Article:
The project along the west side of the East Lagoon included plantings of prairie and wetland grasses and wildflowers that brought out volunteer students, faculty and alumni during Homecoming Week. Bob Brinkmann, dean of the College of Liberal Arts and Sciences and himself an expert on sustainability, was among those who got their hands dirty, along with members of the Homecoming Committee, which contributed funds to the project.

“Sustainability is a key part of NIU’s vision moving forward, and I was so happy to join students, faculty, staff and alumni in helping to restore a piece of our campus,” Brinkmann said. “It is clear from President Lisa Freeman’s vision around the Northern Illinois Center for Community Sustainability that this type of project is just the beginning of a long-term commitment to making our campus more sustainable for generations to come.”

Jones’ students continue to gather data and monitor their projects. The professor plans to offer the class every other fall, so future students can measure the success of past projects or pick up where other students left off to start new restorations.

Creek Work: Samantha DeDina (bright green hat), Courtney Gallaher and Melissa Burlingame work along the creek in May.

The student efforts near the lagoon complemented improvements made this past spring under the direction of Melissa Burlingame, assistant director for the Institute for the Study of the Environment, Sustainability and Energy, and NIU Geography Professor Courtney Gallaher.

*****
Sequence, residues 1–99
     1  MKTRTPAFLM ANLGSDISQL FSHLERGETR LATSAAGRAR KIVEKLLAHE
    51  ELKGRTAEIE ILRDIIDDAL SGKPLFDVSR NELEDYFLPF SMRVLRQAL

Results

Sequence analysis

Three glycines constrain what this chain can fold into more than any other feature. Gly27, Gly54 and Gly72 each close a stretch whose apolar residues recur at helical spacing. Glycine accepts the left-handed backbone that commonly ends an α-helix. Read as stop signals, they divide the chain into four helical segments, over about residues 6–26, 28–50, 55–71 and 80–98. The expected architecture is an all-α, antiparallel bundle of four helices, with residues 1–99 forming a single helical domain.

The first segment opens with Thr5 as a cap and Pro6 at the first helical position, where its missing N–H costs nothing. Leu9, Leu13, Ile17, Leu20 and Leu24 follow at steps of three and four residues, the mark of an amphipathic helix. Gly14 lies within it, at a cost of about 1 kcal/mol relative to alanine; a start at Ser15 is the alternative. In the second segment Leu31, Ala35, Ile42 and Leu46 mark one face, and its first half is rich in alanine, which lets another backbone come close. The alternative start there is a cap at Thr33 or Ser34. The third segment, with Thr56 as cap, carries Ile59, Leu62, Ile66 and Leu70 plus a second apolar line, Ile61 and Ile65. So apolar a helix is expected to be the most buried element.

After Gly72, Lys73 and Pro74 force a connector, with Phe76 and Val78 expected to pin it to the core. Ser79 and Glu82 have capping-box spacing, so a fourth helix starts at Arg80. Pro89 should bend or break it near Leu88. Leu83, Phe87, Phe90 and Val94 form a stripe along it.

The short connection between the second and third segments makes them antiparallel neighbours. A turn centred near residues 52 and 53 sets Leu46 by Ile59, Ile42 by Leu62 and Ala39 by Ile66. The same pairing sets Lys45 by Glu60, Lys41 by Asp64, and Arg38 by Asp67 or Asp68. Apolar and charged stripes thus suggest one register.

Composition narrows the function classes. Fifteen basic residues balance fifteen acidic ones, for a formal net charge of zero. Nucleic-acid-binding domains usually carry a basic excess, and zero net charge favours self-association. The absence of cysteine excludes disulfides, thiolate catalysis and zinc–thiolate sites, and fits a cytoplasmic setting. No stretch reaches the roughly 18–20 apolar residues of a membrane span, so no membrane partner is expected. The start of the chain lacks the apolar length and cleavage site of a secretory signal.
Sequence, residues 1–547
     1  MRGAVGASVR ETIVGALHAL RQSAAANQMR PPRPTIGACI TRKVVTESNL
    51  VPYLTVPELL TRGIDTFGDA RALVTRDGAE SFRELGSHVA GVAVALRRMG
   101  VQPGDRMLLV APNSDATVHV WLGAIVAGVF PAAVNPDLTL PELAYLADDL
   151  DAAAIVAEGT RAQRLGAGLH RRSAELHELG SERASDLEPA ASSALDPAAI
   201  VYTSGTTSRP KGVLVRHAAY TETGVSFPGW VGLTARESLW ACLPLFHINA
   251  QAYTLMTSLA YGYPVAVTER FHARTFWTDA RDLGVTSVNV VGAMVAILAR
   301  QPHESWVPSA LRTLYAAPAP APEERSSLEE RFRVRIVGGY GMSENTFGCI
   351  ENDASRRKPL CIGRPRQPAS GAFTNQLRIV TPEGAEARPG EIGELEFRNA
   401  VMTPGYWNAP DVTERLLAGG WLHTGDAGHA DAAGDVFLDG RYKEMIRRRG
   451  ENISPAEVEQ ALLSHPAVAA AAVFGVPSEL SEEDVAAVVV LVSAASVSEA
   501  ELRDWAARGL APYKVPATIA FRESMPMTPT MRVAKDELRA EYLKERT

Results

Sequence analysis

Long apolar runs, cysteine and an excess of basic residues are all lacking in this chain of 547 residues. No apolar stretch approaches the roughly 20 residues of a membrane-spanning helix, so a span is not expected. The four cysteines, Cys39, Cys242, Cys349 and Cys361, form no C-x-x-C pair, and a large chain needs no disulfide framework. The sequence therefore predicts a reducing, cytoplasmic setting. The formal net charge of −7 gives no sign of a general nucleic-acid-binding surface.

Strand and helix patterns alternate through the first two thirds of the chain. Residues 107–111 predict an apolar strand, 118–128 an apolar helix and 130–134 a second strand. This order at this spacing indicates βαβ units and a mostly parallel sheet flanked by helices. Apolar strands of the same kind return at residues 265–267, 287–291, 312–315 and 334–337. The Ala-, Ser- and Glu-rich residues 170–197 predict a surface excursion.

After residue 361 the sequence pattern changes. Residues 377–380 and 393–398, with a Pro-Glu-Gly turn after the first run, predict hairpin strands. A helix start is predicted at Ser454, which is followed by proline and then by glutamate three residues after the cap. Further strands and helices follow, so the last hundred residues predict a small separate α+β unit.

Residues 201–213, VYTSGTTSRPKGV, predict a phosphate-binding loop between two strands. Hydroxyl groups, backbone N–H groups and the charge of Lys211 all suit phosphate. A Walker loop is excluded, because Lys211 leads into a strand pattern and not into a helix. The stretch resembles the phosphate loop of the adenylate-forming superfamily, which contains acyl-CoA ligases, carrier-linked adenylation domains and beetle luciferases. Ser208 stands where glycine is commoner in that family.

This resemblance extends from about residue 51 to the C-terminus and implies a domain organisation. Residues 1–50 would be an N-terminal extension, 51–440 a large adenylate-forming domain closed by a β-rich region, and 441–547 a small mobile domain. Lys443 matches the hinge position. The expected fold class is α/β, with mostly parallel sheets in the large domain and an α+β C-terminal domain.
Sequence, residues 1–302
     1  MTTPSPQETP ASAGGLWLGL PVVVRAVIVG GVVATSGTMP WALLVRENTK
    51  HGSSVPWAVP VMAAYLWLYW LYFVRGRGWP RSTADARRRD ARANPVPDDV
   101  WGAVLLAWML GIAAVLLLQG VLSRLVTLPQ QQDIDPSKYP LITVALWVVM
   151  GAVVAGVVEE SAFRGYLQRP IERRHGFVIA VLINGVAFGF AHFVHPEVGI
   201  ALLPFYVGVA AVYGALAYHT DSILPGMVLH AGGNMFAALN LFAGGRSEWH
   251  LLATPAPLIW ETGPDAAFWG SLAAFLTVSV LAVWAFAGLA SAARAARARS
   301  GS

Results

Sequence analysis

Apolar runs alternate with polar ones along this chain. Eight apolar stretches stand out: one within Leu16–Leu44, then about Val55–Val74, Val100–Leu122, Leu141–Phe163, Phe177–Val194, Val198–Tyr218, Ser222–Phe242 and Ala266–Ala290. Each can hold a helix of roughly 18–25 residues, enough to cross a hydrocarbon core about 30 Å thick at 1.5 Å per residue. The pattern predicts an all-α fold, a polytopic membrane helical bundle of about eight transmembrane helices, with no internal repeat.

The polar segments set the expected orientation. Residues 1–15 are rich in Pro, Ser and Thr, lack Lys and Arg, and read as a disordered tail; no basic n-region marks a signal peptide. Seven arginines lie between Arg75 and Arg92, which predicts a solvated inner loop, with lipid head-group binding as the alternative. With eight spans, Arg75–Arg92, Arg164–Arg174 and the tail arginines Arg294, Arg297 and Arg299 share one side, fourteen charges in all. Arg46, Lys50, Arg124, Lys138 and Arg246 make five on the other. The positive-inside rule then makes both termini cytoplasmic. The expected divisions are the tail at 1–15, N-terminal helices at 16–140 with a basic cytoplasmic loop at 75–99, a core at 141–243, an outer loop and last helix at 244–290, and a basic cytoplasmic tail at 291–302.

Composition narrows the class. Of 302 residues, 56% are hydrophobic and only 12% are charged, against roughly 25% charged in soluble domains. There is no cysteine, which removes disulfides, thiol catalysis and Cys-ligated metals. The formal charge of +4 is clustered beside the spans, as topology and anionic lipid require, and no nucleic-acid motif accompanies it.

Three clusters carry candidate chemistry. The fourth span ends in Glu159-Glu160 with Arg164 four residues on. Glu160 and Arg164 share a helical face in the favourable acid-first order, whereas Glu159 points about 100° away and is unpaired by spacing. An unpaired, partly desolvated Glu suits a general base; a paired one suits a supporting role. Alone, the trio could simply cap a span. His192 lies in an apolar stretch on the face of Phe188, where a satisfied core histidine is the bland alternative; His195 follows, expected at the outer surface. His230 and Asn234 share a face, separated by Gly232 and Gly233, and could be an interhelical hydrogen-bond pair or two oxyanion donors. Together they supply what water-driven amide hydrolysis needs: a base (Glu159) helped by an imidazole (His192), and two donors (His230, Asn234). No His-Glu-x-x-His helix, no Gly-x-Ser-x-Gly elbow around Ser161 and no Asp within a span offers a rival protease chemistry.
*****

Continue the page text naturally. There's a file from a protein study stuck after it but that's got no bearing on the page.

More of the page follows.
Gallaher’s Environmental Management class (Geog 453) regularly provides students with hands-on training on campus. And Burlingame suggested a shoreline stabilization project along the creek that intersects Castle Drive and feeds into the East Lagoon.

While students planned the project back in 2019, the actual fieldwork was postponed due to the pandemic. It was picked up with help from the Student Association and biology and environmental studies alumna Samantha DeDina, ecological restoration superintendent for ENCAP, Inc., a DeKalb-based environmental consulting and planning firm.

Along with Gallaher, Burlingame and several volunteers, DeDina provided her time and energy, while ENCAP supplied a mini-excavator for the work. The creek shoreline was graded, stabilized and replanted with native species in May.

“Projects like this really allow the campus to become a living classroom for the types of applications the students are studying,” DeDina said. The 2012 NIU graduate also contributed her time and expertise to this fall’s lagoon work and is a guest speaker in Jones’ class this semester.

“Although classwork lays a valuable foundation regarding restoration ecology and similar ventures, field experience is critical to gather what post-graduation opportunities may look like,” DeDina said.

Meanwhile, in addition to her teaching, Gallaher has stepped into a new role this semester as NIU sustainability coordinator. In that role, she will be involved in collaboratively outlining NIU sustainability goals across campus. The picturesque East Lagoon has room for more shoreline improvement, so it’s likely to figure into those plans.

“Working together on restoring the shoreline gets people invested in our campus, and makes it feel like the lagoon belongs to everyone,” Gallaher said.